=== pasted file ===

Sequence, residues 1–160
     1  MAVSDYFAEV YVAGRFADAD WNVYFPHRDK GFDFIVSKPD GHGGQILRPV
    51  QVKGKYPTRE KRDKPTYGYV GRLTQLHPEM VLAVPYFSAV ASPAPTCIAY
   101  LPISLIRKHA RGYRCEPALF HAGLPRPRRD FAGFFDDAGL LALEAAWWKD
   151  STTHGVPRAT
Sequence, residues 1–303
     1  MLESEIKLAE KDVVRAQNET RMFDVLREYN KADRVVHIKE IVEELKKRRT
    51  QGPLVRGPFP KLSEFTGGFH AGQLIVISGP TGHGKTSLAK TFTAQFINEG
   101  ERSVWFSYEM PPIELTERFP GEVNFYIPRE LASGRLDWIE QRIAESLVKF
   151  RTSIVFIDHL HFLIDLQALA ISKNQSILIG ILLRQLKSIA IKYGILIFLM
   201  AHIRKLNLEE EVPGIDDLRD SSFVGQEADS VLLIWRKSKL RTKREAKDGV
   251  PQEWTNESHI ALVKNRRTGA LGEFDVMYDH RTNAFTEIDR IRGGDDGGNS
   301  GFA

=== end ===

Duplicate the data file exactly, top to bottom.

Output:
Sequence, residues 1–160
     1  MAVSDYFAEV YVAGRFADAD WNVYFPHRDK GFDFIVSKPD GHGGQILRPV
    51  QVKGKYPTRE KRDKPTYGYV GRLTQLHPEM VLAVPYFSAV ASPAPTCIAY
   101  LPISLIRKHA RGYRCEPALF HAGLPRPRRD FAGFFDDAGL LALEAAWWKD
   151  STTHGVPRAT
Sequence, residues 1–303
     1  MLESEIKLAE KDVVRAQNET RMFDVLREYN KADRVVHIKE IVEELKKRRT
    51  QGPLVRGPFP KLSEFTGGFH AGQLIVISGP TGHGKTSLAK TFTAQFINEG
   101  ERSVWFSYEM PPIELTERFP GEVNFYIPRE LASGRLDWIE QRIAESLVKF
   151  RTSIVFIDHL HFLIDLQALA ISKNQSILIG ILLRQLKSIA IKYGILIFLM
   201  AHIRKLNLEE EVPGIDDLRD SSFVGQEADS VLLIWRKSKL RTKREAKDGV
   251  PQEWTNESHI ALVKNRRTGA LGEFDVMYDH RTNAFTEIDR IRGGDDGGNS
   301  GFA